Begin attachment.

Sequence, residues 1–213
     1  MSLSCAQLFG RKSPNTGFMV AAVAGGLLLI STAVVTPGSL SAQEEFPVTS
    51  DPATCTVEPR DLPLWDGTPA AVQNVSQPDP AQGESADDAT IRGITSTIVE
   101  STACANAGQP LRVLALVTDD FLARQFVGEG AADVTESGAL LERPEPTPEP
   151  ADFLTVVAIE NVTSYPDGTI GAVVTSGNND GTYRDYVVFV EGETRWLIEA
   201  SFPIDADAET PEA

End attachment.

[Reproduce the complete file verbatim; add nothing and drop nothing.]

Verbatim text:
Sequence, residues 1–213
     1  MSLSCAQLFG RKSPNTGFMV AAVAGGLLLI STAVVTPGSL SAQEEFPVTS
    51  DPATCTVEPR DLPLWDGTPA AVQNVSQPDP AQGESADDAT IRGITSTIVE
   101  STACANAGQP LRVLALVTDD FLARQFVGEG AADVTESGAL LERPEPTPEP
   151  ADFLTVVAIE NVTSYPDGTI GAVVTSGNND GTYRDYVVFV EGETRWLIEA
   201  SFPIDADAET PEA